How Menses Affects Athletic Performance

As athletes, we plan our training so that we peak at the right time. We pay close attention to our nutrition in order to perform well and avoid bonking. We invest loads of money into the right equipment. With all that prep, should women also be taking into consideration their menses cycle when planning races?

The answer is clearly yes. In order to recognize a few of the crucial players in the cycle, we must first understand the cycle itself.

  • The follicular phase: Occurs from days 1 to 14 of the cycle. During days 1 to 5 or 7 (on average), bleeding occurs.
  • The luteal phase: Occurs from days 14 or 15 to 28 on average. During this phase ovulation occurs as well as a sudden surge in estrogen. Several important changes occur during this dramatic increase in estrogen that could potentially negatively affect performance.

Most of us assume that a woman's performance is compromised because there is a major drop in her hemoglobin and hematocrit (iron) levels once the bleeding ends. Contrary to popular belief, studies show that for the majority of women (not including those who are heavy bleeders) there is not a significant enough decrease to affect performance. In fact, it is the thermoregulatory and metabolic changes that occur during the luteal phase which are more likely to affect performance.

Increased Carbs During Luteal Phase

The female body is trying to spare glycogen during the luteal phase. The surge in estrogen therefore stimulates the body to use fat more. What does this mean for the female athlete? If she is racing or training intensely during the luteal phase, she needs to be extra conscious to make sure she is taking in at least 40 grams of carbohydrate per hour, says Dr. Stacy Sims of Stanford University. There is less room for error than when she is in the follicular phase.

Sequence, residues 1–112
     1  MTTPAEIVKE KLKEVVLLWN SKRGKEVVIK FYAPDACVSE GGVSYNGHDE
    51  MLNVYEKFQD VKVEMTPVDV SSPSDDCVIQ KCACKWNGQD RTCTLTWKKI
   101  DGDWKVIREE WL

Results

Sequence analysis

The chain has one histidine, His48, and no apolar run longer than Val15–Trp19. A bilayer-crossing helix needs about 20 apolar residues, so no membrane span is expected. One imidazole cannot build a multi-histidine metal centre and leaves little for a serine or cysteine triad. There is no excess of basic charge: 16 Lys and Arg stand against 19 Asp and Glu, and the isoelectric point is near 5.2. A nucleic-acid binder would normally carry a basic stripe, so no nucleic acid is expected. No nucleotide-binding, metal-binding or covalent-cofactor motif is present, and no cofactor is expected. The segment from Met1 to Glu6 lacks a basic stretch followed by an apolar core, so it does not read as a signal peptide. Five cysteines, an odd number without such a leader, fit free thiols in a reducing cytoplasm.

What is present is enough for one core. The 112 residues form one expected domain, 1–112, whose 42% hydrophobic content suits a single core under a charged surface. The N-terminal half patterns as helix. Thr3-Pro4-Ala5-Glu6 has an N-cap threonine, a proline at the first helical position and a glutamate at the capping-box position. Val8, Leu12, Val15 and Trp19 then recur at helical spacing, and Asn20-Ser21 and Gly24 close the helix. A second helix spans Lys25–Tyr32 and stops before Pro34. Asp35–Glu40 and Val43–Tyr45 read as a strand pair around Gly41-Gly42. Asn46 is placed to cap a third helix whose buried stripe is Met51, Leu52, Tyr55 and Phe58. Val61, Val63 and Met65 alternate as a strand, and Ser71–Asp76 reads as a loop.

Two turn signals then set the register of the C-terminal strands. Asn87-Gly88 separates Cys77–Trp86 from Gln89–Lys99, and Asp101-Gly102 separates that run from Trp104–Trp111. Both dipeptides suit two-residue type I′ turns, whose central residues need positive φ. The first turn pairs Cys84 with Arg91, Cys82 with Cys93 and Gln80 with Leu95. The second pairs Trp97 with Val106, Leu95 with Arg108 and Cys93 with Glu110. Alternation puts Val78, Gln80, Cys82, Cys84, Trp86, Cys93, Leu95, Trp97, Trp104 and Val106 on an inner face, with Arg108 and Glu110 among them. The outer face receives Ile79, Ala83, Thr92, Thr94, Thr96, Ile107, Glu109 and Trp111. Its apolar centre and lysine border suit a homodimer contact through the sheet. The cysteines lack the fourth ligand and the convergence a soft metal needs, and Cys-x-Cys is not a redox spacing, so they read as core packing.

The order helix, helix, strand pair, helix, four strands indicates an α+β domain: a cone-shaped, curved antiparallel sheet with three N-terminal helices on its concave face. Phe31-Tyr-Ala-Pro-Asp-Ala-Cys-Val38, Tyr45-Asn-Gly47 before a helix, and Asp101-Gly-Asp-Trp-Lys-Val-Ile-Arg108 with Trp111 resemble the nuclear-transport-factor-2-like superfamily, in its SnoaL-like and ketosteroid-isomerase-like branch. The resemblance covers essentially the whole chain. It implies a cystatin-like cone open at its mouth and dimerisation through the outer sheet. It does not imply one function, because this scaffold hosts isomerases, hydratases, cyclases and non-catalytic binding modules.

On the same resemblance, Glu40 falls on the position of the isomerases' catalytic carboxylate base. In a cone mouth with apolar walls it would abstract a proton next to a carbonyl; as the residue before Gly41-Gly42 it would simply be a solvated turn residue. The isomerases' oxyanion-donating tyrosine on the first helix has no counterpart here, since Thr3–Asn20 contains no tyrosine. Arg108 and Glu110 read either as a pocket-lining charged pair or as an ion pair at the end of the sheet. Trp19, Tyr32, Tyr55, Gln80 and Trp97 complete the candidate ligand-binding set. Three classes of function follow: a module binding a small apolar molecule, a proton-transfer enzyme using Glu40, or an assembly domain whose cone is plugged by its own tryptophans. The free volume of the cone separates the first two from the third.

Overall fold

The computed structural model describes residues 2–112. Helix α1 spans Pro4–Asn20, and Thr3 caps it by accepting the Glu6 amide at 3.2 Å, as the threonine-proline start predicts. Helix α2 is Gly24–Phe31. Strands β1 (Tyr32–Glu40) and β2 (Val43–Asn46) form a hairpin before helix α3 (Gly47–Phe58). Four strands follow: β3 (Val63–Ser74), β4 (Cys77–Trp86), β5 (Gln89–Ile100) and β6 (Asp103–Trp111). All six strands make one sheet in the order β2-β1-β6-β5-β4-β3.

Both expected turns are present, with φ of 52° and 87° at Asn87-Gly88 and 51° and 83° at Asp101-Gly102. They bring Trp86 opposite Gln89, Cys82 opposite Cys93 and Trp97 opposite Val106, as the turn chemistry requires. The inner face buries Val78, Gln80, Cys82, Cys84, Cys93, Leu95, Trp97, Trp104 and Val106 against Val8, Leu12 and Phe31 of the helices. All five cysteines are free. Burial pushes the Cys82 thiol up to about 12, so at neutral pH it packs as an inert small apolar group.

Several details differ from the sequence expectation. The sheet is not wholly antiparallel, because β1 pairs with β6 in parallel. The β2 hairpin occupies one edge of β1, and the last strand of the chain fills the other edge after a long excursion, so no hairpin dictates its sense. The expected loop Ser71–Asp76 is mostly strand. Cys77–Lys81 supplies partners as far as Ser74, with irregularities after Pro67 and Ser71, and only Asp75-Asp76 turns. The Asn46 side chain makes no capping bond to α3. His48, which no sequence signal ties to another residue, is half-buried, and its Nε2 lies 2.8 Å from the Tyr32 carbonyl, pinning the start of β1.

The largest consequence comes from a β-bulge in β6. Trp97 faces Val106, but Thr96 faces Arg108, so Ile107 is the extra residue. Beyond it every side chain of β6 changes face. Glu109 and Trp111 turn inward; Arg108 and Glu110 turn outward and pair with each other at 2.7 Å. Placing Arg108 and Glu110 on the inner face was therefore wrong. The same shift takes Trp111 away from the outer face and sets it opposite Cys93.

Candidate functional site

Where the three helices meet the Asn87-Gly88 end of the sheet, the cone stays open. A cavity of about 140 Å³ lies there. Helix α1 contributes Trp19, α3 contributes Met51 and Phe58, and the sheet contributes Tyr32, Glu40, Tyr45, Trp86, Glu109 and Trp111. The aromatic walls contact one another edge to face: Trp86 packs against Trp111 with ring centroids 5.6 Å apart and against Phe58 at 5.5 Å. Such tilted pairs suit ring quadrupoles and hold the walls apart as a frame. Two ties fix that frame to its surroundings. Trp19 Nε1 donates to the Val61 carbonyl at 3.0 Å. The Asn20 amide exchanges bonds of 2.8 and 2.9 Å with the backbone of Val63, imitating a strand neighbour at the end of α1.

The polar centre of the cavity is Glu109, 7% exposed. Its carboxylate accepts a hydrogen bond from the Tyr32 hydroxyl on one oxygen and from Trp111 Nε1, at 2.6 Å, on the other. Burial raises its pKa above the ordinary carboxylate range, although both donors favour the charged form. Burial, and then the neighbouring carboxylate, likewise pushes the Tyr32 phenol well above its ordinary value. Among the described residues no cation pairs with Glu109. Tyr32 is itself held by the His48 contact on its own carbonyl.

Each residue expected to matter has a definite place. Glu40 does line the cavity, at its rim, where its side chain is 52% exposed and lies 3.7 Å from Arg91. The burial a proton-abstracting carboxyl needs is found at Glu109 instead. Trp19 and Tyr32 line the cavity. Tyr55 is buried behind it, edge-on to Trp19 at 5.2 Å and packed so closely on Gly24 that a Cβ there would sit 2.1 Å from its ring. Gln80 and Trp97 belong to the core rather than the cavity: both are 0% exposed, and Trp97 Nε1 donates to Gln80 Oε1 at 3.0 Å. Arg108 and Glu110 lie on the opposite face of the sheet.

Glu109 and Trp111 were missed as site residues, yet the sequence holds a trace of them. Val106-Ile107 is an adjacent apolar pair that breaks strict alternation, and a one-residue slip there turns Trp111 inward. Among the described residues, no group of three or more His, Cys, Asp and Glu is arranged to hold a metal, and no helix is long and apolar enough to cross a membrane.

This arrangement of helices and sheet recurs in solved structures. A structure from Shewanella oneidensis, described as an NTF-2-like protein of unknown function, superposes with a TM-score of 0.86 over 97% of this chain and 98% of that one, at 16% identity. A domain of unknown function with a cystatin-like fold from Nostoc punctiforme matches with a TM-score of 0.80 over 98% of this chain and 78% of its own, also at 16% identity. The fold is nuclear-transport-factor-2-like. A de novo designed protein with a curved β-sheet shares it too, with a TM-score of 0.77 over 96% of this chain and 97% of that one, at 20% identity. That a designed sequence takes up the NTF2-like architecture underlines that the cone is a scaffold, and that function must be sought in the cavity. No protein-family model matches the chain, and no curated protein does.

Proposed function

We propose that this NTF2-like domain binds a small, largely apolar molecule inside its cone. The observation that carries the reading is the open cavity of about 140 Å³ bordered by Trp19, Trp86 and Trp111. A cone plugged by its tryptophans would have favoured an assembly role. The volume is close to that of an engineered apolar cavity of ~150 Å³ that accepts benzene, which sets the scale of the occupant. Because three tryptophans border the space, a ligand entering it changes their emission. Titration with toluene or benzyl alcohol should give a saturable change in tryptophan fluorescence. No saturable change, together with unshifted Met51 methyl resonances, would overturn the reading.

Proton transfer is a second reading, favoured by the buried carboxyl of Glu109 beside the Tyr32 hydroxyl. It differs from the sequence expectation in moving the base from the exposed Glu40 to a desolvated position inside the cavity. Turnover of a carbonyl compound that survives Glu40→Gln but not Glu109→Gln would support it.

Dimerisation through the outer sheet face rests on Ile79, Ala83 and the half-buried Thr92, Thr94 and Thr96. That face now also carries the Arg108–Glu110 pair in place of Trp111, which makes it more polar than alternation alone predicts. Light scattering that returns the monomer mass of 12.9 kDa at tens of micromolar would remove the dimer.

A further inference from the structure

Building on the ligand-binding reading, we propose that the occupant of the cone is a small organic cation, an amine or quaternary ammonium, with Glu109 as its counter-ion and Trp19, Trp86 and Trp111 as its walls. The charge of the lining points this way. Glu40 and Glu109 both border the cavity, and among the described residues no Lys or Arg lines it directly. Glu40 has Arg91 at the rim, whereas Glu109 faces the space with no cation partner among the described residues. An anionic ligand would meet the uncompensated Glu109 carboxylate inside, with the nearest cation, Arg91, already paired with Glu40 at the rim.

Slower Recovery Time

The second factor to consider if racing during the luteal phase is the drop in a woman's plasma volume. The blood becomes thicker when plasma volume drops and, as a result, blood moves more slowly between muscles which therefore results in slower recovery time (lactic acid build up and oxygen deficits).

Body Temperature

Along with a drop in plasma volume, comes a slower sweat rate. The body temperature therefore rises. A female racing or training in this phase should be extra concerned with overheating and should take precautionary measures to avoid becoming dehydrated. Consider slightly increasing your sodium-based pre-loading drink.

Cramps, bloating and negative attitude aside, studies suggest the best times to compete are the first couple days into one's period or immediately after bleeding has finished. It is during this time that estrogen and progesterone are at their lowest and less likely to create any menacing changes.

Another factor to consider is that a woman's weight is highest during the luteal phase as well and drops just after menses begin.   

Most importantly, women should keep a record of their cycle and track changes they make to their carb and sodium intake to see what works best. Try to recognize patterns within the different phases to plan (if possible) when to race. They should also get their ferritin tested when they are feeling at their best (not only at their worst!) to help set a standard.

Clearly, a woman's menses cycle is a crucial factor to consider when training for and racing in endurance events.

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Amanda McCracken has been racing triathlons competitively for 14 years and coaching athletes for 10 years. She resides in the mecca of triathlon, Boulder, Colorado, where the trails are her playground.

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